Monday, January 30, 2012

I did it...I finally did it.

It's been a long time coming. My 3 year old has known for over a year how to use the potty and when it's time to go and has just outright refused to go...she views the diaper as a security item at this point because she's afraid of having an accident. My husband and I have tried our hardest to let her know that we wouldn't be mad and she wouldn't be in trouble and that we would just clean it up and put on fresh clothes, but she's still fearful of it for some reason. I've come to the conclusion that we just have the non-risk taking, nervous-temperament child and it's time.

Chloe's been doing a LOT better the last few months and while I've been very pleased with her interest in the potty, she hasn't improved the frequency and just views the potty as something to do on a whim. So yesterday she stood right in front of me making the face- all parents know the "pooping face" their child makes- and I asked her if she was pooping (which she definitely knows she is supposed to be doing in the potty). When she replied "yeah, I pooped in my diaper", I immediately became irritated and asked her why. "Well, because I like using the diaper and don't want to use the takes longer to get there and I might have an accident." Calmly I just said "it's okay if you have an accident, but if you poop in your diaper on purpose one more time, I'm taking the diapers away and you can start wearing panties all day until bedtime. You can have a diaper then and only then." I guess she didn't believe me. Chloe paused and pooped in her diaper in front of Drew today and it began. After getting her cleaned up, Chloe didn't get a diaper for the rest of the day, and my eardrums sarcastically thank me for it. Not since teething has that child spent an entire day whining and crying, but she made it accident-free!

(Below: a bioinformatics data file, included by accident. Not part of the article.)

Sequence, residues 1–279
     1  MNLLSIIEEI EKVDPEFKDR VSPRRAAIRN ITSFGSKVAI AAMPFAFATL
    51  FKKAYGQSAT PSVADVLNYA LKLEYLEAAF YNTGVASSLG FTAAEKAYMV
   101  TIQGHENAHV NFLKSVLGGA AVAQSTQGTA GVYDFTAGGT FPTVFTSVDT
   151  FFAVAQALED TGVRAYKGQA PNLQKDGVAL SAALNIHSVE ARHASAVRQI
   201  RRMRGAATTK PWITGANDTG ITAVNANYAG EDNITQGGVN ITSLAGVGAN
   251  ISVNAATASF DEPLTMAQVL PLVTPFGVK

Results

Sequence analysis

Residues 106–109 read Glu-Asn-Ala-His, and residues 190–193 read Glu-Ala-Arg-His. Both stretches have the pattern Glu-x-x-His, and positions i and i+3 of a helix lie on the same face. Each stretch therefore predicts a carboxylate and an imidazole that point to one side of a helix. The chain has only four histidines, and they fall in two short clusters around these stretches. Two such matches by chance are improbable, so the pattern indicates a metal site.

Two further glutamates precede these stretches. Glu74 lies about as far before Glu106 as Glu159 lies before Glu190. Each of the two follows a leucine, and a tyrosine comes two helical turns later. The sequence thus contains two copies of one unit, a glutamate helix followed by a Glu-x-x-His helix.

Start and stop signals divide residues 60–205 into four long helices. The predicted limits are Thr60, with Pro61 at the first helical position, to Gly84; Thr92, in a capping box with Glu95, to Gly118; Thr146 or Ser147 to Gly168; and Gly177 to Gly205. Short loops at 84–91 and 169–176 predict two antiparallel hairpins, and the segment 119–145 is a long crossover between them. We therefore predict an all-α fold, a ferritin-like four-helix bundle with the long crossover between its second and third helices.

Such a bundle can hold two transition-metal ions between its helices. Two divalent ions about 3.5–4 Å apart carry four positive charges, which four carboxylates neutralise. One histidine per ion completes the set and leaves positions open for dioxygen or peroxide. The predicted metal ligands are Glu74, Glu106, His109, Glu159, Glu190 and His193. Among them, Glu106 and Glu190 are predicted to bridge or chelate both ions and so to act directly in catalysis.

My husband and I even explained that anything you do is scary the first time because you have to learn to do something you've never done before, but the more you do it the less afraid you become. And when you do something often enough, you stop being scared because you know how to do it and it just becomes part of your life. She's still worried about the accidents that I know are coming. We seem to have such a nervous child and I've tried so many tactics- rewards, stickers, bribes, letting her come to it on her own, you name it- and none of it has worked. I've always been a little too soft on the discipline side (oh, Supernanny would love to get a hold of me) and one pediatrician even worded it as "you're being a marshmallow when she needs you to be a rock for her" when I broached the behavior topic. Well, I guess this is another approach, my attempt at being a rock. My fear for her is that she will take this diaper security issue too far and will refuse to use the potty to the point that she will have to go to school a year or two late (she'll be 4 in November) and I don't want her to go through that, the other kids wondering why she's older than them and possibly teasing her. There's also the fact that Chloe is an extremely active child and has asked me a few times if she could learn to swim and I hate for her to be deprived of the joy of learning new things like swimming, or dancing (she LOVES to dance), or tumbling. I'm really not one of those parents obsessed with scheduling their kids into constant activities, but I would love for her to have the opportunity to be around other children her age and socialize a little bit and maybe come out of her shell just a hair.